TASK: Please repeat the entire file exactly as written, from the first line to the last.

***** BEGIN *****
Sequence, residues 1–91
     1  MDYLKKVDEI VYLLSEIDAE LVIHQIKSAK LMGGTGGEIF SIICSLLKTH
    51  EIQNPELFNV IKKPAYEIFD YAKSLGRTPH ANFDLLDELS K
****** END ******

Sequence, residues 1–91
     1  MDYLKKVDEI VYLLSEIDAE LVIHQIKSAK LMGGTGGEIF SIICSLLKTH
    51  EIQNPELFNV IKKPAYEIFD YAKSLGRTPH ANFDLLDELS K